objects to be paid for by taxes.
Missouri PAC. RL. CO. v State of Nebraski (1896) SCR 17 130 at
p.135 per Gray J.:
“The petitioners were merely private individuals voluntarily associated
together for their own benefit. They do not appear to have been
incorporated by the state for any public purpose whatever, or to have
themselves intended to establish an elevator for the use of the
public…...
To require the railroad company to grant to the petitioners a location
on its right of way for the erection of an elevator for the specified
purpose of storing from time to time the grain of the petitioners and of
neighboring farmers, is to compel the railroad company, against its
will, to transfer an estate in part of the land which it owns and holds,
15

under its charter, as its private property and for a public use, to an
association of private individuals, for the purpose of erecting and
maintaining a building thereon for storing grain for their own benefit,
without reserving any control of the use of such land, or of the building
to be erected thereon, to the railroad company, for the
accommodation of its own business, or for the convenience of the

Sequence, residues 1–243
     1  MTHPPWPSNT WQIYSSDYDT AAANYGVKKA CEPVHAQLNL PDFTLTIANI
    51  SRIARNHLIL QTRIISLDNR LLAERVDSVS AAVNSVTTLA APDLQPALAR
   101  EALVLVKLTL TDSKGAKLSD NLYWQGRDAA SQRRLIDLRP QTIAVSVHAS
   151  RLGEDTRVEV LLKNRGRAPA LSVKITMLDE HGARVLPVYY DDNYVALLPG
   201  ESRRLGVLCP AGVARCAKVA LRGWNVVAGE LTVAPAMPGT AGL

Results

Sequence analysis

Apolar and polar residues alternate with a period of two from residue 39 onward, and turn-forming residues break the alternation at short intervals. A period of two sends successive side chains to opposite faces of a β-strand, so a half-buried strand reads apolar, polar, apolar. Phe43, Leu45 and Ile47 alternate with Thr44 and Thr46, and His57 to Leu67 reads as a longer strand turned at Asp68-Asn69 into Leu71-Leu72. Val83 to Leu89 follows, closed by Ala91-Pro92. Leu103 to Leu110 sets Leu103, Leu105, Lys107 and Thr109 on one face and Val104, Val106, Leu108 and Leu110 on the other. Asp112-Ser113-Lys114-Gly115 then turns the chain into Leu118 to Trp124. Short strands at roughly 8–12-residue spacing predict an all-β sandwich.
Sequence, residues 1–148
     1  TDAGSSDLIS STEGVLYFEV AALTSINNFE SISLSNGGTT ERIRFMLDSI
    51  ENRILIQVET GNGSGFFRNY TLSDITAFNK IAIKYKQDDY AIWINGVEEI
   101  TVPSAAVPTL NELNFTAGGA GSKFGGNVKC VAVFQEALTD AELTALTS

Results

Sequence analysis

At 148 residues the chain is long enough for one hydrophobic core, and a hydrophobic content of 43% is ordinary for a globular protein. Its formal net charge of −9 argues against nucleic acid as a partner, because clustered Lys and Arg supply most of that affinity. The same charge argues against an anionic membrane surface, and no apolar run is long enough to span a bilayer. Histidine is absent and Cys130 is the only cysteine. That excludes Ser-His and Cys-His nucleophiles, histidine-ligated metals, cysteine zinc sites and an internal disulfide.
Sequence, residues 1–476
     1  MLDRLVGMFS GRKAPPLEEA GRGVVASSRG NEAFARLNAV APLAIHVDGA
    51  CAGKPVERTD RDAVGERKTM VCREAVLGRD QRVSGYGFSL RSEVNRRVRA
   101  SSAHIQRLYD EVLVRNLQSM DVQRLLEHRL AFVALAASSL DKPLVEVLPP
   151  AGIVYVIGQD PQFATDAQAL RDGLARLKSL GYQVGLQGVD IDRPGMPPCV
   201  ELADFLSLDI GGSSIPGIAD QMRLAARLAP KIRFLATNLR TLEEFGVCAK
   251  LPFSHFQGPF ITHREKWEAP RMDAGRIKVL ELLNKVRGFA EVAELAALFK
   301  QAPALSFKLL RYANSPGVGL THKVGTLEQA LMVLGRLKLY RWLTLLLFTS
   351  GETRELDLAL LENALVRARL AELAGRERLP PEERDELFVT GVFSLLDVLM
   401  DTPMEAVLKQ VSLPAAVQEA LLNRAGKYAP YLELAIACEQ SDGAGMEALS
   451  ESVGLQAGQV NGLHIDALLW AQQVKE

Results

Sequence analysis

public.

The distinction between the facts is that the land in Missouri was for
the private use of the petitioners and no public purpose was alleged or
stated, whereas in Asian a public purpose namely the “development of
tourism” was the stated purpose. Cole v City of La Grande (1884) SCR 5
416 at p.418 per Gray J.:
“The general grant of legislative power in the Constitution of a state
does not enable the legislature, in the exercise either of the right of
eminent domain or of the right of taxation, to take private property,
without the owner’s consent, for any but a public object. Nor can the
legislature authorize countries, cities, or towns to contract, for private
objects, debts which must be paid by taxes. It cannot, therefore,
authorize them to issue bonds to assist merchants or manufacturers,
whether natural persons or corporations, in their private business.
These limits of the legislative power are now too firmly established by
judicial decisions to require extended argument upon the subject.”

Similarly, in this case the factual premise on which the principles were